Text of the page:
>I admit, a cheesy and arguably weak take-off on the Stanley Kubric doomsday classic, but the sentiment is there.
There’s an almost tragic community (including those who should know better) who espouse the beliefs and all the wonders of ADDIE. I see it time and again in job postings where an “understanding of the ADDIE model” is an essential job requirement.
For an instructional designer planning e-learning solutions.
From organizations claiming to be on the leading edge of innovative solutions and technologies.
So, maybe it’s time to look at what ADDIE is and what it isn’t.
What it definitely is NOT is a model for instructional design. There’s no evidence amongst educational theorists and researchers to support the claim that it *is* a model. (For more info on that subject, I’d invite you to read Barbara Bichelmeyer’s treatise on the issue, along with some interesting commentary in the Educational wiki at San Diego State University.)
In practical terms, it’s also NOT designed for scalability, because it’s really a waterfall/cascade kind of approach to design. If you have high volumes of content to produce, or a really broad spectrum of stakeholders, you’ll get bogged down pretty quickly. We’re under constant pressure to
But, let’s talk about what it is.
ADDIE is something that really reflects a flow of events and actions when designing and managing the build of instructor-led training content, and it can still work effectively in that sphere. And, let’s face it, it’s a familiar process….but it’s just that: a Process flow. ADDIE is also a good reminder that we need to close the loop on the training cycle – e.g. you don’t just “do some training” and call it a day. You need to evaluate and then start the process over again and engage in some continuous improvement activities…but we know that continuous improvement tends to get less attention than it should (a subject for another post at another time).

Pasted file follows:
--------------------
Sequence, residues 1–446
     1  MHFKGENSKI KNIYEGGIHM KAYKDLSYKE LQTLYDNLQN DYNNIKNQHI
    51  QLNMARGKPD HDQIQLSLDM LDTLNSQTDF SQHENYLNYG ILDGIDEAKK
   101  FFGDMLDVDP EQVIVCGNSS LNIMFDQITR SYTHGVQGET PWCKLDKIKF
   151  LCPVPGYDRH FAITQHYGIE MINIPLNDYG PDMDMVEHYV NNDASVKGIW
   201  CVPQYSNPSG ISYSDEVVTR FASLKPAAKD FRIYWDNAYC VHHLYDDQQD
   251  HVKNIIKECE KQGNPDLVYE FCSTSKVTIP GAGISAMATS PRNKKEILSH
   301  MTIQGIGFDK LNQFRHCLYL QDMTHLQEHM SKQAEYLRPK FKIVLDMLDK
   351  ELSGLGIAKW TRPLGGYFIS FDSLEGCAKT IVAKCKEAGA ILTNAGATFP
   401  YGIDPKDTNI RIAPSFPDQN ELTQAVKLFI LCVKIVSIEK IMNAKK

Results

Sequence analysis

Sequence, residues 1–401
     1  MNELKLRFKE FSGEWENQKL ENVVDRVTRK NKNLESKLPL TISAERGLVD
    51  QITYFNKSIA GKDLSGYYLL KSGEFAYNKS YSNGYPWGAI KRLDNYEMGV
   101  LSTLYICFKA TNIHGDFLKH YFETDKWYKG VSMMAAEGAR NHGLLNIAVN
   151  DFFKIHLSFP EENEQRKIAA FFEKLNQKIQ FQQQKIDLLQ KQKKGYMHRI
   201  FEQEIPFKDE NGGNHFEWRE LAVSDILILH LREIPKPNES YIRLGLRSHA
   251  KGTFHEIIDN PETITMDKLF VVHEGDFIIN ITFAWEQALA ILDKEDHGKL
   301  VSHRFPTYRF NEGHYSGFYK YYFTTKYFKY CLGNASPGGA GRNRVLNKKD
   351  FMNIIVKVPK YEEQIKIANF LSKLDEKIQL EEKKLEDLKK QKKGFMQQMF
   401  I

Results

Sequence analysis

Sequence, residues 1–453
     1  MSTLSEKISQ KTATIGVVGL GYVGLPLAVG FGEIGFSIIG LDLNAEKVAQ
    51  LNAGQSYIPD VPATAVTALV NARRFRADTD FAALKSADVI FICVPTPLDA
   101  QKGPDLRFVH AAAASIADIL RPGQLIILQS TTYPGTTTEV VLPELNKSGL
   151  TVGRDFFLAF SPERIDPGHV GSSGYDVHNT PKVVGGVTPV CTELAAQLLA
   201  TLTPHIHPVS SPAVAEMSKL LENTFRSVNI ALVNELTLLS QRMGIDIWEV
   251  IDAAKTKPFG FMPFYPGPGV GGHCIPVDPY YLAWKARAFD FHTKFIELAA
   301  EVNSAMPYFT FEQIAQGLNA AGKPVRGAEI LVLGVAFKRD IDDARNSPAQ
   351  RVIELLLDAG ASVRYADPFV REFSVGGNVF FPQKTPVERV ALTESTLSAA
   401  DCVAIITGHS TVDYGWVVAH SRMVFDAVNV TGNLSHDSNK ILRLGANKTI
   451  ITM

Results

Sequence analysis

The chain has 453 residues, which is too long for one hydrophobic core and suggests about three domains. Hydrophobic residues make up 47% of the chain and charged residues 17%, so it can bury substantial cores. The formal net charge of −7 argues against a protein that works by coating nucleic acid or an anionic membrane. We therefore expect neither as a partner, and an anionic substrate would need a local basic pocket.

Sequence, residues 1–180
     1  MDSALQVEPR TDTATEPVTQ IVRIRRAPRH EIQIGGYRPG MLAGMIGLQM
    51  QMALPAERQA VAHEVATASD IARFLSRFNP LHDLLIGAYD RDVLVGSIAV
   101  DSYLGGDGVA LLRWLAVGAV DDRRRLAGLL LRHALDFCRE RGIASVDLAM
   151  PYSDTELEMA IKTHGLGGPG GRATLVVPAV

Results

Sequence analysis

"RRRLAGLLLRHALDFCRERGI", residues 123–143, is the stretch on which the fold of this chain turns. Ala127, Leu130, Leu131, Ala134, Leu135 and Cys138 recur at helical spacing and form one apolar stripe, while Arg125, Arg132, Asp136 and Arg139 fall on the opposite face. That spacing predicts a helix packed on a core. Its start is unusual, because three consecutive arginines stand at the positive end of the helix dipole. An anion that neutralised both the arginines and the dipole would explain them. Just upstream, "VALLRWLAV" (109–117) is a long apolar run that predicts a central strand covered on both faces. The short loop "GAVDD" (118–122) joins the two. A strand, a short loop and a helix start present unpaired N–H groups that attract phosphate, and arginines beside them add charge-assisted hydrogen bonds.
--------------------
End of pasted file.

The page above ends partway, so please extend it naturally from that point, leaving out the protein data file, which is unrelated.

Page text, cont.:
I know that the next question to emerge from this discussion is something along the lines of, “so if you’re dissing ADDIE, what do YOU use, smart guy?“
I thought you’d never ask!
The model I prefer to adopt for building e-learning content follows the lines of Rapid Prototyping (Tripp & Bichelmeyer, 1991). You see, in ‘traditional’ e-learning development settings, people are spending a lot of time on storyboards and other flat planning tools. In principle this is a great idea because you can get things hammered out on paper before you commit to the challenges of development. But that was of more use in the days before rapid e-learning development tools made things easier for the instructional designer.
So what this means for me (and for clients) is that we can start working on the design and course structure right away. While we have a web-based environment, I’m pretty confident I could accomplish the same thing with the right desktop tool. The client can see the basic structure of the course developing in real-time, and we can even get into the details of selecting screen layouts, assessments, and other course-level parameters. What used to take days and weeks to do back & forth via email and paper now can be accomplished in a matter of hours. More importantly, because we get to work in the design environment right away, the client immediately has a sense of the learner’s visual experience – rather than waiting for a “beta” developed from a long storyboard document.
The other advantage of this rapid prototyping method is that we don’t have to wait for objectives to be completely defined before we develop content because the development environment is flexible enough for us to make incremental adjustments to suit the evolving outcomes instead of making a wholesale transformation of the course.
So…long, slow method with asynchronous client contact and difficult-to-manage review cycles? Or a collaborative, real-time development of a prototype that evolves and grows through incremental changes that allows us to go from concept to production in a fraction of the time?
I know which one I’d choose…how about you?